U.S. Supreme Court
Guss v. Utah Labor Relations Bd., 353 U.S. 1 (1957)
Guss v. Utah Labor Relations Board
Argued January 16, 1957
Decided March 25, 1957
353 U.S. 1
By vesting in the National Labor Relations Board jurisdiction over labor relations matters affecting interstate commerce, Congress has completely displaced state power to deal with such matters where the Board has declined to exercise its jurisdiction, but has not ceded jurisdiction to a state agency pursuant to the proviso to § 10(a) of the National Labor Relations Act. Pp. 353 U. S. 2-12.
(a) By the National Labor Relations Act, Congress meant to reach to the full extent of its power under the Commerce Clause. P. 353 U. S. 3.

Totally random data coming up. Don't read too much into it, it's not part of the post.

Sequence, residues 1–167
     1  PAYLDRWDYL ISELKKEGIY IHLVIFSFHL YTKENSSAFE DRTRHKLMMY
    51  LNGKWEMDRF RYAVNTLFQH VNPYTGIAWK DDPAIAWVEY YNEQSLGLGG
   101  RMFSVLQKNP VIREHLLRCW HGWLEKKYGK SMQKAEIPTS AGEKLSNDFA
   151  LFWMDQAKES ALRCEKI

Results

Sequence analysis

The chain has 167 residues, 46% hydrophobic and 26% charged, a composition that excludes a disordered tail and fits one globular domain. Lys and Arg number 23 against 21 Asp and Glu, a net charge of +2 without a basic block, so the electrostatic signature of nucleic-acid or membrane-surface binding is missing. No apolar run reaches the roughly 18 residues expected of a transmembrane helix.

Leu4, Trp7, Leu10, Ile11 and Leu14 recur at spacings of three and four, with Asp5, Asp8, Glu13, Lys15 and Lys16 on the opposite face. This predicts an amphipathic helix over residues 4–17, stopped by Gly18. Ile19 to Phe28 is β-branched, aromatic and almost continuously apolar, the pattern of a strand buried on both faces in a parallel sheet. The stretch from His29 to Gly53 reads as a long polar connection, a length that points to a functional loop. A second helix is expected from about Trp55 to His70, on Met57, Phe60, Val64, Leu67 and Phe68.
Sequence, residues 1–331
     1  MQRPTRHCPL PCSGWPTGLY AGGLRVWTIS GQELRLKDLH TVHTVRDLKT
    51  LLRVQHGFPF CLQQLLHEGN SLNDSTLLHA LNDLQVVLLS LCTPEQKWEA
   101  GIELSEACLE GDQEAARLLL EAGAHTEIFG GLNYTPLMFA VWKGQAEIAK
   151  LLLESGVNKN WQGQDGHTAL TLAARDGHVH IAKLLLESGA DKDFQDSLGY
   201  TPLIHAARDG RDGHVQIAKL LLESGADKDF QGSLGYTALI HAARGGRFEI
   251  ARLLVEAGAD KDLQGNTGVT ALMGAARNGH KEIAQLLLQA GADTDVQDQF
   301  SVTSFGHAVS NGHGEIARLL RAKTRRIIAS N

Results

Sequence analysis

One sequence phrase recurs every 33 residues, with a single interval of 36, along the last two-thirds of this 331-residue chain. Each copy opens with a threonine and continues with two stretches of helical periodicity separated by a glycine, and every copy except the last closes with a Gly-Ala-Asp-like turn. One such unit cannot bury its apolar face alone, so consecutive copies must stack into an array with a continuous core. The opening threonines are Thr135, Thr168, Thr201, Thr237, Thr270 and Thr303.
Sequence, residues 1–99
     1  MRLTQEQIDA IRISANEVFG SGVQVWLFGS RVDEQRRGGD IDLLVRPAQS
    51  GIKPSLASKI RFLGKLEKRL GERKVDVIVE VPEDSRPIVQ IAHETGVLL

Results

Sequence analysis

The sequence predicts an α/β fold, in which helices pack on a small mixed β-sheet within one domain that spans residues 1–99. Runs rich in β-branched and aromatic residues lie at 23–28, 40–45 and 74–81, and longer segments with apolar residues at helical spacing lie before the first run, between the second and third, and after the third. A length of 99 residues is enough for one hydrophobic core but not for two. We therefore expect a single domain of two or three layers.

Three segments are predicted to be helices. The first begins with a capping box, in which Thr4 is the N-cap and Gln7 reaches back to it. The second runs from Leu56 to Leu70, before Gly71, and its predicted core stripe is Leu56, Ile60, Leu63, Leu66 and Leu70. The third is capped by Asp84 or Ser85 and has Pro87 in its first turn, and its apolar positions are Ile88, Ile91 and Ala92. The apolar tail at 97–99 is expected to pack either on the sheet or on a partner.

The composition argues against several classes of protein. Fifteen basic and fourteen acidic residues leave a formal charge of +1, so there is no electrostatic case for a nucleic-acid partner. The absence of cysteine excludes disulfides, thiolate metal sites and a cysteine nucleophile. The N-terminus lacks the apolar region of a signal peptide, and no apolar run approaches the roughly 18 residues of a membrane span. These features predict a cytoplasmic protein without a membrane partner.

(b) An agreement ceding jurisdiction to a state agency under § 10(a) of the National Labor Relations Act is the exclusive means whereby States may be enabled to act concerning matters which Congress has entrusted to the National Labor Relations Board. Pp. 353 U. S. 6-10.
(c) Not only was there a general intent on the part of Congress to preempt the field of labor practices affecting interstate commerce, but also the proviso to § 10(a) carries an inescapable implication of exclusiveness. P. 353 U. S. 10.
(d) Since the power of Congress in the area of commerce among the States is plenary, its judgment in favor of uniformity must be respected, whatever policy objections there may be to the creation chanroblesvirtualawlibrary
of a no-man's land in which labor disputes will not be regulated by any federal or state agency or court. Pp. 353 U. S. 10-12.
5 Utah 2d 68, 296 P.2d 733, reversed.